Pascal Amoyel, French concert pianist, kindly agreed to do an interview with me. Pascal was voted "Solo Instrumental Discovery of the Year", and studied with Georges Cziffra. Here he answers questions about music and the piano...
1. What made you choose a career in music?
At first, I almost became a doctor. But music was too important in my life. When a pupil asked the poet Rilke if he thought that he could become a poet, he answered "yes" as far as the pupil felt that he couldn't not be one.
2. Who are your favorite composers, and why?
Mahler at first. A unique harmonious invention and a capacity to be granted no limits in language, nor at the same time to give nothing up.
Then, the composers-pianists Liszt, Scriabin and Chopin, to whom I dedicated several recordings (Complete Chopin Nocturnes, Complete Poems by Scriabin...)
3. Which CD in your discography are you most proud of?
It is difficult to answer this question. But I believe that the recording where it seems to me to have gone to the deepest is the one dedicated to the Harmonies Poétiques et Religieuses by Liszt.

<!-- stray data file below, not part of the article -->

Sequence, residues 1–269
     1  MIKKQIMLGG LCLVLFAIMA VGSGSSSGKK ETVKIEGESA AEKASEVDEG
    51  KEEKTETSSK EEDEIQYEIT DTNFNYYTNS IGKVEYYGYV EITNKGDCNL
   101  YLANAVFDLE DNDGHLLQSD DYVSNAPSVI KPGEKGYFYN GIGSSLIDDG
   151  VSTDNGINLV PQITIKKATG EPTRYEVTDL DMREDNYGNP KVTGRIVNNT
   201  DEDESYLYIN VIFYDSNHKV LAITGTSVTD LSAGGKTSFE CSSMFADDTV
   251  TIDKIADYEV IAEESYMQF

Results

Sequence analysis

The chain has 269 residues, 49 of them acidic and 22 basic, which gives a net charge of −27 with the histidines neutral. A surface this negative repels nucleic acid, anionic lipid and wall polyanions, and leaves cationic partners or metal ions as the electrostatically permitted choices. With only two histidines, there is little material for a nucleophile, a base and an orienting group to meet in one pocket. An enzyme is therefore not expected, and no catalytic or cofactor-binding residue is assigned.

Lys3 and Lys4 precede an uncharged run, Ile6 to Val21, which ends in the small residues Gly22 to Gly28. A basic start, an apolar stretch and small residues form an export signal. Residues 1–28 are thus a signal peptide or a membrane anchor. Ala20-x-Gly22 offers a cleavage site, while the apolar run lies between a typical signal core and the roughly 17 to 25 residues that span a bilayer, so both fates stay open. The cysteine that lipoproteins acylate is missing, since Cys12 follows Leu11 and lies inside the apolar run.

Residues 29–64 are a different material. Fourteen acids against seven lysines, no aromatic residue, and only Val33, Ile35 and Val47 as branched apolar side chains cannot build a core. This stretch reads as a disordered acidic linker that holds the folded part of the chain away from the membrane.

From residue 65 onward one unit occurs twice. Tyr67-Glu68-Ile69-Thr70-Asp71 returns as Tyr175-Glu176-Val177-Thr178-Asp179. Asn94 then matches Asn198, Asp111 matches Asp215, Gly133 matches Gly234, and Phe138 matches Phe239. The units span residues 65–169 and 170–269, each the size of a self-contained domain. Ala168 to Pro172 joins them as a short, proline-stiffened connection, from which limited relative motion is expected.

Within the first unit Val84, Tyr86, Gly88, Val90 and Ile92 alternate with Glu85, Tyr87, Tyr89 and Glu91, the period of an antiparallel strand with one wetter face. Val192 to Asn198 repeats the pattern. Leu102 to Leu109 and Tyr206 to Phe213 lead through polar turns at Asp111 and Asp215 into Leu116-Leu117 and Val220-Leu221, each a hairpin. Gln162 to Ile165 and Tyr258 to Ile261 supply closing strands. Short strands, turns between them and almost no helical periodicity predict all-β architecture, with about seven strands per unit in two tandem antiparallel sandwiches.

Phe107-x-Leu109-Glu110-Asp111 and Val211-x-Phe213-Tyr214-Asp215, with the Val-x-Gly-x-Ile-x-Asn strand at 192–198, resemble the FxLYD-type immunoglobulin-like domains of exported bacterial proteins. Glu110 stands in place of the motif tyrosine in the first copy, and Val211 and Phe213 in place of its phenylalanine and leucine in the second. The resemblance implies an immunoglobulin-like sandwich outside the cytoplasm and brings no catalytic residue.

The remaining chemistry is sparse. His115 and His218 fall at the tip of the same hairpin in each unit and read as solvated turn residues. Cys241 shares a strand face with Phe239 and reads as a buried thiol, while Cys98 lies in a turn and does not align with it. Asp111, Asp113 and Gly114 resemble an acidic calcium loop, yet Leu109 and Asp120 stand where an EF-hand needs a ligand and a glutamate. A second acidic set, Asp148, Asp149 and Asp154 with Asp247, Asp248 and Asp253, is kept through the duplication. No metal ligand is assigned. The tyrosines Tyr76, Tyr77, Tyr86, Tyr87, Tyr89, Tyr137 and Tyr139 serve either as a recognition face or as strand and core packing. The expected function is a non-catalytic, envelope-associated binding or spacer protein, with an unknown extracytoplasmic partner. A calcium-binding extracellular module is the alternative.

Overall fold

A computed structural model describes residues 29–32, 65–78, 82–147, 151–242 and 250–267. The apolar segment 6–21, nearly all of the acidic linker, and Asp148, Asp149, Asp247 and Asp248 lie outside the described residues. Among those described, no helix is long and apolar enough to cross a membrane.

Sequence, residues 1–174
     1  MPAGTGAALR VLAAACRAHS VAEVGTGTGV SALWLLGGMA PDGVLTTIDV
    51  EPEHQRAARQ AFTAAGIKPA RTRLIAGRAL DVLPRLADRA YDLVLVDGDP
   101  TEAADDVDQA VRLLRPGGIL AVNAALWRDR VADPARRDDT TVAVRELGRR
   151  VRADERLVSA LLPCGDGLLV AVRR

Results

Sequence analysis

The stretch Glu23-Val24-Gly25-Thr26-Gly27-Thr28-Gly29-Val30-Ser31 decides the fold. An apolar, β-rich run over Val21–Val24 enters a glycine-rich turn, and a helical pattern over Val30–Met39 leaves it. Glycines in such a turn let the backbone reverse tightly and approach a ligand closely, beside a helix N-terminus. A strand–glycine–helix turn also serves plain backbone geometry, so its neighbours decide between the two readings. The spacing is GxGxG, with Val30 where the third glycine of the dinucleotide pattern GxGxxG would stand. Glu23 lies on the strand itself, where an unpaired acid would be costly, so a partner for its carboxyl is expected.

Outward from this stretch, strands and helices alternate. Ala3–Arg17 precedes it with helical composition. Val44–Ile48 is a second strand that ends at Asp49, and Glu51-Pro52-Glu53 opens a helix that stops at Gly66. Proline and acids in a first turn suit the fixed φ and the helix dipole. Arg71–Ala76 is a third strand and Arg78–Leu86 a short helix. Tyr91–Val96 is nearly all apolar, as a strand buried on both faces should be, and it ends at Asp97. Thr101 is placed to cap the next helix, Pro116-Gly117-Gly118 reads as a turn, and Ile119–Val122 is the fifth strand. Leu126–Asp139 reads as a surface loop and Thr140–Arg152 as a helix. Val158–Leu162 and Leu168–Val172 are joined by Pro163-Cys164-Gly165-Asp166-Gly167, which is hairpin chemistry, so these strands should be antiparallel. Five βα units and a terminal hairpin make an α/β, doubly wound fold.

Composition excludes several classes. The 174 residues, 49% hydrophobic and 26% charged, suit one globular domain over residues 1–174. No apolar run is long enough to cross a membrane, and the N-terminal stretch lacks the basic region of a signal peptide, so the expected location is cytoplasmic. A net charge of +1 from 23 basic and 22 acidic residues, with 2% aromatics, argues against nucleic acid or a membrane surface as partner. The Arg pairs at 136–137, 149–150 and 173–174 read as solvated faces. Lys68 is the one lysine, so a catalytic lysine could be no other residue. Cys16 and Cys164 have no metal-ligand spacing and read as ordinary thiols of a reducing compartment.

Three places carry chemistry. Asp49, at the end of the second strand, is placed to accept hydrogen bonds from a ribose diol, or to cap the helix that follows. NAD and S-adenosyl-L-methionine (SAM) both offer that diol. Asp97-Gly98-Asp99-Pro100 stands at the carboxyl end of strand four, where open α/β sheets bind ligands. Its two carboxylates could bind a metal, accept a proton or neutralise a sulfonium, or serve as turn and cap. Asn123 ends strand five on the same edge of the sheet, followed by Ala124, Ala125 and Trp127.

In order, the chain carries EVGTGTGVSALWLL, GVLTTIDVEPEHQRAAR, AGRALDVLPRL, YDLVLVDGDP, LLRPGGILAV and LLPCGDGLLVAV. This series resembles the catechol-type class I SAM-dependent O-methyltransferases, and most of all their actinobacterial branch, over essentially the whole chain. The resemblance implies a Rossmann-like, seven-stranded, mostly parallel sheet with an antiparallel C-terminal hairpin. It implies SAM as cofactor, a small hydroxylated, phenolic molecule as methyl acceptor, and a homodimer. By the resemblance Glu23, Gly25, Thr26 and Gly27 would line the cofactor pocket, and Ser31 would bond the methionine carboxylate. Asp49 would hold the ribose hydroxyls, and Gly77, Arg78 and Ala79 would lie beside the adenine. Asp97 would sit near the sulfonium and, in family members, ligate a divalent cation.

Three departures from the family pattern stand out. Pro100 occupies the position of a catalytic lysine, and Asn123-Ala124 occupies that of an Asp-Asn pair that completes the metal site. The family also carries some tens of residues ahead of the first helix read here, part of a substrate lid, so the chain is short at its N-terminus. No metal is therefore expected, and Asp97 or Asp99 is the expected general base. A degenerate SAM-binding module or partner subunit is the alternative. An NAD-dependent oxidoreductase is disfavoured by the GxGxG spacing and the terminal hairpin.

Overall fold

4. Where is your favorite place to perform?
Recently, I participated in a concert in the Victoria Hall of Geneva. I do not remember having felt previously so much emotion and comfort in a concert hall. Soon, I will have the huge privilege to play to the Berlin Philharmonie.
5. What are you planning for Franz Liszt's bicentennary this year?
Many very different programs. A program with choir in works inspired by Gregorian themes, the complete of the Harmonies Poestiques et Religieuses, tours in Europe with Anima Eterna, in China, Canada...
I shall also pay tribute to the one who was my master during 8 years, Gyorgy Cziffra, in a musical show honoring Liszt. I am happy to be able to celebrate in my way this composer whose attraction towards the spiritual touches me extremely.
6. What was it like to study with Cziffra, one of the most skilled and famous pianists of the 20th century?
I had the big privilege to work with Cziffra for 8 years, in academies but also in private. Beyond the legendary pianist, he was also a very generous man, full of compassion.
When he gave lessons, he did not speak a lot. But a simple glance could knock down you. He lived music so much that when he showed an example, a whole world opened which I can't explained in words. It is this flame, the most essential and the most instinctive, that he succeeded in passing on. And it is doubtless the most important thing in a master-student relationship.